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UK: Lord Sheikh on Religious slaughter

27/3/14   Press release

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The British Muslim community has recently been alarmed at the sudden and rather aggressive publicity surrounding the issue of religious methods of slaughter of animals for food. The Conservative Peer, Lord Sheikh, has been particularly concerned and hence decided to take up the cause and take appropriate action.

On 16th January, a debate was held in the House of Lords, during which several Peers provided insights from both religious and scientific points of views. The debate was of a high quality and was well-received.

 

Lord Sheikh spoke in the debate and was clear; “Islam forbids the mistreatment of animals; the welfare of animals is enshrined in Muslim beliefs”.

 

His speech can be accessed at http://www.publications.parliament.uk/pa/ld201314/ldhansrd/text/140116-gc0001.htm#14011665000504.

 

In February, Denmark passed a law banning the religious slaughter of animals for the production of Halal and Kosher meat. This followed bans in Poland, Iceland, Norway, Sweden and Switzerland.

 

The Danish Minister for Agriculture and Food stated that “animal rights come before religion”. The campaign group Danish Halal collected more than 13,000 signatures opposing the law change. They stated that the new law was a “clear interference in religious freedom and limits the Muslims and the Jews’ right to practice their religion in Denmark”.

 

Earlier this month, the new President-elect of the British Veterinary Association, John Blackwell, said that he felt the UK should follow in the footsteps of Denmark and outlaw the religious slaughter of animals that have not been stunned first.

 

Mr Blackwell suggested that British Muslims should allow animals to be stunned before slaughter in the interests of their welfare.

 

Following these comments, Lord Sheikh wrote a letter to the Daily Telegraph, which was published on 15th March. He outlined his concern at the misunderstanding that could result from Mr Blackwell’s comments and provided clarity about the Halal method of slaughter:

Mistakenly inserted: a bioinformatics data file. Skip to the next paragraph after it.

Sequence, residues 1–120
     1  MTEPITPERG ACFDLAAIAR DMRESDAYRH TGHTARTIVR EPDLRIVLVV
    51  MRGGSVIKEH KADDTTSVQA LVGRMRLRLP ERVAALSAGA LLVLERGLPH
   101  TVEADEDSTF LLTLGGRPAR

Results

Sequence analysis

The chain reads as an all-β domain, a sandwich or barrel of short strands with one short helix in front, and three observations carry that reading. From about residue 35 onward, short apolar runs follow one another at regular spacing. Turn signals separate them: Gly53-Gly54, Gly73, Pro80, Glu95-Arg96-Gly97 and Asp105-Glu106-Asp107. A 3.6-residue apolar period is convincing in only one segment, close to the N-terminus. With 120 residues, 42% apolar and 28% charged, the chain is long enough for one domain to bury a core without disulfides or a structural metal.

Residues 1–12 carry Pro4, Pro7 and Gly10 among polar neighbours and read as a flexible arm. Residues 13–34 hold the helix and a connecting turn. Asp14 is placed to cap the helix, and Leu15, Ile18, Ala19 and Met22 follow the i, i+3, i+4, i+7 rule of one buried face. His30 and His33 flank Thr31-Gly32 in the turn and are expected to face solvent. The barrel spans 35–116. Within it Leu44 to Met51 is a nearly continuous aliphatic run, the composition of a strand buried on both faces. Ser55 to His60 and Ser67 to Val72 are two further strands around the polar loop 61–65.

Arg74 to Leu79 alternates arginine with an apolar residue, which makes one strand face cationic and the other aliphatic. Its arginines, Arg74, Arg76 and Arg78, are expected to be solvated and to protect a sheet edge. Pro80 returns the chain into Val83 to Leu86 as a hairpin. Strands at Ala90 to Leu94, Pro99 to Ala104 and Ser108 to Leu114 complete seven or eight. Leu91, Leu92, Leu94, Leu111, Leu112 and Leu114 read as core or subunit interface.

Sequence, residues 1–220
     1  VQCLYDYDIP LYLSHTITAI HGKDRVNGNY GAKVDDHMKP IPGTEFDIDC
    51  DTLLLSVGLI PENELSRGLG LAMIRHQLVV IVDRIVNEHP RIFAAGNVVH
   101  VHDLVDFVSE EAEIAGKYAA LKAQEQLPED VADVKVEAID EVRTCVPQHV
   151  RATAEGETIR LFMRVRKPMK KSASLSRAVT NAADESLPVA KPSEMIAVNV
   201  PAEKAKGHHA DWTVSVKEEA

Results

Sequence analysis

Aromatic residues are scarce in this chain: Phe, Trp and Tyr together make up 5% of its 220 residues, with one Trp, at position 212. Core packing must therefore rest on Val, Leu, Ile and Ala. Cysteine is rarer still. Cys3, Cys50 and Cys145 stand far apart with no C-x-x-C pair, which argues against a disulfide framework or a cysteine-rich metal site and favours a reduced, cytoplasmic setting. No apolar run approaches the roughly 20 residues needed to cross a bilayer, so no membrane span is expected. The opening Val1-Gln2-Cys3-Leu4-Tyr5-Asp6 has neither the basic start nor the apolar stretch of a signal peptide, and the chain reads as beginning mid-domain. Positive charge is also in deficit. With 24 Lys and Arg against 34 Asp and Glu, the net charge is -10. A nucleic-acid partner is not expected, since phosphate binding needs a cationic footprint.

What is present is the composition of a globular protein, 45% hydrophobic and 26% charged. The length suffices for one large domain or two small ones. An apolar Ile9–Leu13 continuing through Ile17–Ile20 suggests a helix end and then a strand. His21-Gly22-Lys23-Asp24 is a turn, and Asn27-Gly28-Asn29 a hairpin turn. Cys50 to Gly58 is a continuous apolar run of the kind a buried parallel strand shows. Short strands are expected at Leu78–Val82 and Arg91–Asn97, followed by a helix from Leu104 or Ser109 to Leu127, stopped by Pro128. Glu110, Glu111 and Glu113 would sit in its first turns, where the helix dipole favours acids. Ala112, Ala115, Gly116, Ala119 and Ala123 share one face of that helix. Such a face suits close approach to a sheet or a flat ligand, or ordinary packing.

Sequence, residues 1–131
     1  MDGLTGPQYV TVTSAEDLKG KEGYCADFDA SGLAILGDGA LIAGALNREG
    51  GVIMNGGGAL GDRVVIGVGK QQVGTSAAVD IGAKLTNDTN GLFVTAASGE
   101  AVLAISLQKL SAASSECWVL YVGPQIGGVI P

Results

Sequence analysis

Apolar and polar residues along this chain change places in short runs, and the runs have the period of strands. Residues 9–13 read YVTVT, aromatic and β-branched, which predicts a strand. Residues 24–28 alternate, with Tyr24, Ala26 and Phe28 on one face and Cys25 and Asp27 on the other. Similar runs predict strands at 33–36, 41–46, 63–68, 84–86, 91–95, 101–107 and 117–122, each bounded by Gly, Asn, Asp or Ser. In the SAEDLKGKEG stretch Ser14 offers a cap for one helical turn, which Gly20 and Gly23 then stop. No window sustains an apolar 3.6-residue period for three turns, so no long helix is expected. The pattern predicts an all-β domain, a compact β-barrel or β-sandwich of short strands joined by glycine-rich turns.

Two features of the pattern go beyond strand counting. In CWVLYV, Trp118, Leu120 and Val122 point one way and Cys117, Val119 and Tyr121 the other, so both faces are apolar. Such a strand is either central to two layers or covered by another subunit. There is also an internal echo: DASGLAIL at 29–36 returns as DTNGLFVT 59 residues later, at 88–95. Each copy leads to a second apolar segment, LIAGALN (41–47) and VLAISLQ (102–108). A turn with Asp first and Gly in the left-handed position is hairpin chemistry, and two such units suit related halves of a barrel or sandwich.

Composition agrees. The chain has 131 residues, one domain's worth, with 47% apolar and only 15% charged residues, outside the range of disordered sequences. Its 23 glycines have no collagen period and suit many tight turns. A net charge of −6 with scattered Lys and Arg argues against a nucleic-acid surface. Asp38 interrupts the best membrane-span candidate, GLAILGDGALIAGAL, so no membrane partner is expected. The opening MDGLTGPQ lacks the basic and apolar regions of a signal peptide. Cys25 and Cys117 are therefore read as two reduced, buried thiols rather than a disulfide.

“…The Muslim method of slaughter, known as zabiha, ensures an extremely quick and near-painless death. A properly-trained practitioner will cleanly sever the structures at the front of the neck with such speed and precision that blood empties rapidly, from both the body and the brain, and consciousness is lost immediately. Any claims that animals are cut and left to slowly bleed to death are simply not true.

 

In other methods, when stunning is used, the animal is paralysed and unable to display signs of pain. Animals can even regain consciousness before the point of slaughter.”

 

The full letter can be accessed at http://www.telegraph.co.uk/comment/letters/10698809/Ritual-slaughter.html. It is also provided as an attachment to this e-mail.

 

In order to take the matter further, Lord Sheikh also wrote to the Prime Minister, David Cameron.

 

Mr Cameron, during his first visit to Israel as Prime Minister, made a pledge to the Jewish community to defend Kosher Shechita in the United Kingdom.

 

Lord Sheikh congratulated the Prime Minister on this announcement and was keen to obtain a similar assurance from the Government to defend Halal zabiha.

 

Lord Sheikh, along with the Jewish Peer Lord Palmer, also met with Lord de Mauley on 19th March as the Minister with responsibility at the Department for the Environment, Food and Rural Affairs (DEFRA). Lord de Mauley gave assurance that the existing methods of religious slaughter will be retained

 

A press release, approved by DEFRA, is attached to this e-mail. Lord de Mauley has said:

 

“The Government has no intention of banning religious slaughter. We would prefer animals to be stunned before slaughter but respect the rights of religious communities and will retain the existing longstanding national rules on religious slaughter in our new domestic regulations protect the welfare of animals at slaughter”.

 

Lord Sheikh, along with members of the Muslim community, believe we must pay much greater attention to the wider welfare of animals throughout their lives, including the conditions in which they are bred, housed and transported.

 

Lord Sheikh feels that we should introduce an efficient system of self-regulation for upholding welfare standards. Such a system would have a rigorous code of conduct at its heart and would reassure non-Muslims that such animals are being respected and standards are being adhered to.

 

Furthermore, he believes that everybody, regardless of race or religion, is entitled to transparency over how their food is produced. Consumers must be able to make an informed choice about the meat they buy.

 

In that respect, he is calling for a non-discriminatory system of universal meat labelling, to indicate the manner of stunning for stunned meat as well as highlighting non-stunned meat.

 

The Lord Sheikh

House of Lords

 

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